The point I tried to make was that there’s been a lot of sanitization of the photographic evidence of the war, and it’s time for it to stop cleaning up the photographic history of war.
Robin Lindley: In your chapter on film, you note the difficulty filmmakers have had in capturing the reality of modern war. Are there films you’d recommend for readers?
Professor Jay Winter: The greatest war film is Jean Renoir’s The Grand Illusion. It shows not a single battle scene, but says more about war than any other film I know. It is a masterpiece.
Robin Lindley: You also deal with imagery addressing the Holocaust in your book. What have you found about the artistic responses to the Holocaust?
Professor Jay Winter: One of the strangest things about the memories of the Second World War is that the perpetrators have disappeared. Holocaust memorials are about the victims. But who did this is a question for which there is no visual answer in most commemorative projects.
In many respects, the German Federal Republic has done a remarkable job in accepting responsibility for the crime. I don’t think there’s any doubt about that. But there’s almost nowhere that I know of, and I’ve been to Berlin many times, where you can see above ground the faces of the killers. There’s a below-ground museum called “The Topography of Terror,” on Friedrichstrasse, in the Gestapo torture rooms. And there’s one extraordinary museum in Wannsee where tactical decisions on how to organize the Holocaust were made. Eichmann was there. It’s set in a beautiful house with a table set for business meetings and the invitations in German said: “You are cordially invited to discuss the Final Solution of the Jewish Problem. Breakfast will be served.”
There are very few instances where you see the killers. And for me there is an additional level of difficulty.Almost all of the commemoration of the Holocaust has been to contemplate something that is almost beyond my capacity to imagine what it means for one million five hundred thousand children to be murdered. The numbers go beyond my capacity to grasp. At the same time, the necessity to make clear that the crimes against humanity that the Nazis committed must not become a guide for future generations has only partly succeeded.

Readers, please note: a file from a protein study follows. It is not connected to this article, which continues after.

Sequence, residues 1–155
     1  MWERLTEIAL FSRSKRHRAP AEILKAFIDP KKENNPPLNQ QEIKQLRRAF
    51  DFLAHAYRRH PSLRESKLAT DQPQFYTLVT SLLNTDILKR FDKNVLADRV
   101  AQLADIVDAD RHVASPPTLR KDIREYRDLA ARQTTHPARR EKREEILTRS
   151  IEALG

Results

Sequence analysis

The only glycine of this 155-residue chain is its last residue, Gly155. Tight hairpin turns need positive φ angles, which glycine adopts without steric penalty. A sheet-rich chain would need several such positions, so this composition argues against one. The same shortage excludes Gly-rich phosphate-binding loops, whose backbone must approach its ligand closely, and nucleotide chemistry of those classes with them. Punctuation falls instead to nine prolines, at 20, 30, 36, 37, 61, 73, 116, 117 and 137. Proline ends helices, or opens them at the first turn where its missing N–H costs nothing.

The Armenian genocide was there before and still, the American Congress and presidents, including Obama, refuse to make a statement that the killing of two million Armenians was genocide. Even Bill Clinton had trouble with the “g-word.” Even Obama was subject to State Department concerns. Writing about genocide is a necessity for historians.
I feel that while Holocaust commemoration has been an important and positive step, it has not admitted that in both world wars were moments of assembly-line killing of internal enemies, and the first was the Armenian genocide and the second was the Holocaust. I don’t believe that we have any way yet of honoring that legacy, that sequence. It’s a very difficult matter because I am the last person to believe in the study of comparative suffering, to say that one group is more important than another when one that deals with these catastrophes. But I do believe that there’s something about Holocaust commemoration which is odd and incomplete.
I’m here speaking to you today by telephone in Europe where I’ve been most of my life. Where are the killers? I posed this question in Chile where they have a museum of memory about the Pinochet years. It’s all about the victims, the murdered people. The killers aren’t mentioned at all because they’re all across the street, in government buildings and apartment houses; everywhere. Some may have faced judicial review, but most of the killers are still out there and they’re untouched. Unfortunately, you even find this true in Germany. The people who did the Holocaust are way more numerous than those who were put on trial, and most of those who were put on trial were acquitted.